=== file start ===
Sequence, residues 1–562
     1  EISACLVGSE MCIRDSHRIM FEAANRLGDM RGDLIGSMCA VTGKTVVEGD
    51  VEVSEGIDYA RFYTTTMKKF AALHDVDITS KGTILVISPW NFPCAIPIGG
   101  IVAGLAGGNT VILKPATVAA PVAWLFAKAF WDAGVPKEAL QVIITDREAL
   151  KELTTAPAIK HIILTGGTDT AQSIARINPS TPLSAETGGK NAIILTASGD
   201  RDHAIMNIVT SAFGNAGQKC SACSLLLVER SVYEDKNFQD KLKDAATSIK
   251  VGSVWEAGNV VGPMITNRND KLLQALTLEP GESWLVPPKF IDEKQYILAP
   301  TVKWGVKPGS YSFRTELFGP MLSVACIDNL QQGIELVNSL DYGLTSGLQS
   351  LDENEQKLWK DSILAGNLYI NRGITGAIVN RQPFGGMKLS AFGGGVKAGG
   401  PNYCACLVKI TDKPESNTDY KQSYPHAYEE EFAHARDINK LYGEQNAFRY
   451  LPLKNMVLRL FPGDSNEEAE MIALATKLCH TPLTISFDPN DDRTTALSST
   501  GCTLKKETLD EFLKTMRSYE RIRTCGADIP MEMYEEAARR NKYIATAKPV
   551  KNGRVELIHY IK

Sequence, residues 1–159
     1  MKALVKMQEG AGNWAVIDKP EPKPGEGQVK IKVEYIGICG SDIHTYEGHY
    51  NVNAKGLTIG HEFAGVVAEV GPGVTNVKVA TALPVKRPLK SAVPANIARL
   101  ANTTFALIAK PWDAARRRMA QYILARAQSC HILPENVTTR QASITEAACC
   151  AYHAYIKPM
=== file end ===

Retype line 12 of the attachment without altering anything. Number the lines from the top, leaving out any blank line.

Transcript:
   501  GCTLKKETLD EFLKTMRSYE RIRTCGADIP MEMYEEAARR NKYIATAKPV